The goal here is to get an in person interview. As the conversation comes to an end, thank the interviewer for their time and ask if it would be possible to set up a face to face meeting.

They might not be able to say yes or no on the spot, but this reinforces your enthusiasm for the role and should prompt them to tell you the format for next steps.

Common NZ phone screen interview questions

If you’ve read our article on standard job interview questions, you’ll be in a good position already – there’s a good deal of crossover here.

Favourite questions include:

1. Tell me about your past experience

The interviewer isn’t looking for a list of everything you’ve ever done. They want to know how your education, qualifications and past experience set you up for their role.

Our advice? Read the job description thoroughly and only mention stuff that directly links to their list of desired skills. Keeping a copy of the listing, your CV and Trade Me Job Profile to hand is helpful for answering this one.

Have the job listing, your CV and Trade Me Job Profile to hand while on the phone.

2. Why did you apply for this job?

Careful – this isn’t asking for a dramatic speech on why this role would be a dream come true. In reality, the interviewer is looking to discover if you’ve fully understood what you’d be doing in the position.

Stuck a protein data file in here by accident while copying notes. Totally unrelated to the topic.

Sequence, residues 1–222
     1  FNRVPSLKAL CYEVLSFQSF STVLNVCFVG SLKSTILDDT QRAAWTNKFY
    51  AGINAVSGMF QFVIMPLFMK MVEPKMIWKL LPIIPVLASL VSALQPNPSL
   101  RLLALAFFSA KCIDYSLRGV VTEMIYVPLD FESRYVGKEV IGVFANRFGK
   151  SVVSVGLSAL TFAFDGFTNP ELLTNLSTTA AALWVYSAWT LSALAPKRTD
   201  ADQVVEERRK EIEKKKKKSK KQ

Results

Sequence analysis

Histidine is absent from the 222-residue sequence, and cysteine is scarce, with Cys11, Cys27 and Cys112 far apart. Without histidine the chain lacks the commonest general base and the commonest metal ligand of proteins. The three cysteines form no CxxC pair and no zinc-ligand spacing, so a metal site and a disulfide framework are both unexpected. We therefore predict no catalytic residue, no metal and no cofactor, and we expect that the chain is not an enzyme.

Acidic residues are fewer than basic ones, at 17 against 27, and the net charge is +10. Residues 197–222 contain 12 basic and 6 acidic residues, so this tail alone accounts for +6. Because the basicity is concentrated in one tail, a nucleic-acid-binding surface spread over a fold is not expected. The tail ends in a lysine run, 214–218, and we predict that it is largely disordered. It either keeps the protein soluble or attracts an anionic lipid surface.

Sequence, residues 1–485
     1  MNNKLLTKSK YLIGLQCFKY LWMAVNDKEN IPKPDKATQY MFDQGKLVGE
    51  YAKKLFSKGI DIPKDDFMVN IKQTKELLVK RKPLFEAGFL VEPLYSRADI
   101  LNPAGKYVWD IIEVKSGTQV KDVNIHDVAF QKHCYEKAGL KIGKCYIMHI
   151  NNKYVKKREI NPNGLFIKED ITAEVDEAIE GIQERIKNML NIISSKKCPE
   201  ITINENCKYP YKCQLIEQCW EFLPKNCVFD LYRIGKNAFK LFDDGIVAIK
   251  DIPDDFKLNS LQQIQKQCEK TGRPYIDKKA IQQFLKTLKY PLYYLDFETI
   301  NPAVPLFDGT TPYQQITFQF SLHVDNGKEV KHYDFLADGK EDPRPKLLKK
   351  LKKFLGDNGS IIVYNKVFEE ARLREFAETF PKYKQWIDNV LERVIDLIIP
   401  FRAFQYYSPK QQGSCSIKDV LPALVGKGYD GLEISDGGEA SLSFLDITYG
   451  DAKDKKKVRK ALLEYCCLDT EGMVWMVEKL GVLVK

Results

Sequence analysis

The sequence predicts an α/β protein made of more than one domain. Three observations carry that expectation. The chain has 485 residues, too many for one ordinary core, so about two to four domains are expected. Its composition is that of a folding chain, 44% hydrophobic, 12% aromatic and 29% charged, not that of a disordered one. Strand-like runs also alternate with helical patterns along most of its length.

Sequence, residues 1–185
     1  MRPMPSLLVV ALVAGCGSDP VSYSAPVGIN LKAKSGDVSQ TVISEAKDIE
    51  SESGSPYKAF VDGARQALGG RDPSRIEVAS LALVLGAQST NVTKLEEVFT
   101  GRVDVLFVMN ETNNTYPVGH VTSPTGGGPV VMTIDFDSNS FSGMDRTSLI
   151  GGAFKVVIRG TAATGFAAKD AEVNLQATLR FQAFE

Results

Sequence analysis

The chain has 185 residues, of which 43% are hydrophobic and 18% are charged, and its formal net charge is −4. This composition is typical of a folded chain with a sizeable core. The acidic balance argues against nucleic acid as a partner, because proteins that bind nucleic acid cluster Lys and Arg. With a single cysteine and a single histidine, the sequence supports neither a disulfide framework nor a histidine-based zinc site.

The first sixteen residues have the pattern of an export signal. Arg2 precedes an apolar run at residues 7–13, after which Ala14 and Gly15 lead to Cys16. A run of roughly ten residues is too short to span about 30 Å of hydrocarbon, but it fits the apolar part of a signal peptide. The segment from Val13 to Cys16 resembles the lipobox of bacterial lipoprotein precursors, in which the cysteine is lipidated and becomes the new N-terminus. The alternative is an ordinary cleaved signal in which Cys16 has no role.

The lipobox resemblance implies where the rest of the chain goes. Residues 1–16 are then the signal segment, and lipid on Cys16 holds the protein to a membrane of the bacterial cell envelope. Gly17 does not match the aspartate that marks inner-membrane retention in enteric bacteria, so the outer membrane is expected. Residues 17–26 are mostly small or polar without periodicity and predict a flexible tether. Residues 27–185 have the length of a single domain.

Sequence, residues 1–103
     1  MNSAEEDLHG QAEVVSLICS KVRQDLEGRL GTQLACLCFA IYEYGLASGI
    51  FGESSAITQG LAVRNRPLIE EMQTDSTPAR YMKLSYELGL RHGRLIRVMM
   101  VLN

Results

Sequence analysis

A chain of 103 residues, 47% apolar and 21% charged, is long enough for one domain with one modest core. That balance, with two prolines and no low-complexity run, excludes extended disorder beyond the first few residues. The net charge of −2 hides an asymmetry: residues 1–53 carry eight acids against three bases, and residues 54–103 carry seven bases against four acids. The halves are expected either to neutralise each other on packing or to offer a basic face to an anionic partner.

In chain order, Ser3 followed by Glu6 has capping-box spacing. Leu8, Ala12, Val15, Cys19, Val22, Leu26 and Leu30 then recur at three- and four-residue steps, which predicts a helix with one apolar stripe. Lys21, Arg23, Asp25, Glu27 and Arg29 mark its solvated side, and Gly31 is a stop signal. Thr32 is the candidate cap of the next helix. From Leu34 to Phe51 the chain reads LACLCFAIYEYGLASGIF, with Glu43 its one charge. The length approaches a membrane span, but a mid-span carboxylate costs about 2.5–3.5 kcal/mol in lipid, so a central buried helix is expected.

For additional brownie points: mention why the business as a whole appeals. Is it known for having a great company culture? Do you see room for personal and professional development? Do its values align with your own?

3. What are your salary expectations?

Employers want to get an idea of your desired salary early on. It’s vital you do your research to avoid giving a wildly unrealistic answer, as this can damage your chances.

Use comparisons with similar job listings, online salary tools and trusted contacts to gauge what’s reasonable.

In addition, we recommend giving a range, rather than a specific figure, and mentioning you’re open to negotiations. This way, if your calculations were a little off, the interviewer knows this isn’t a line in the sand for you.

4. Why are you leaving your current role?

Don’t, we repeat, don’t, rip into your former employer.

Even if your old boss made Monty Burns look good, now is not the time to get any emotions off your chest.

Other than this, be honest here. Common reasons for moving on include:

  • Looking for a new challenge or a chance to learn different skills.
  • A change in personal circumstances – e.g. relocating or the arrival of kids.
  • Being made redundant – this happens, and good employers will understand it’s not your fault. Better you tell them than lie and they find out another way.

Ragging on your old employer is a very bad look.

5. What’s your notice period?

This is purely practical. If you’re currently working, know the terms of your contract so you can give an answer on the spot.

6. What was the biggest challenge in your previous position, and how did you overcome it?

Behavioural job interview questions like this are best answered using the STAR method:

  • Situation: what was challenging?
  • Task: how was this impacting you specifically?
  • Action: how did you solve the issue?
  • Result: how did this improve things?

7. Do you have any questions for me?

Not all phone screenings will give you time for your own questions, but it’s good to have a couple up your sleeve just in case. Your research should come in handy here, as informed questions about the company or role are your best bet. Just make sure it’s not something that’s already been covered!

From here, it’s time to thank the interviewer and ask about the possibility of an in person meeting. You should also ask the interviewer for their email address so you can follow up and reiterate your interest.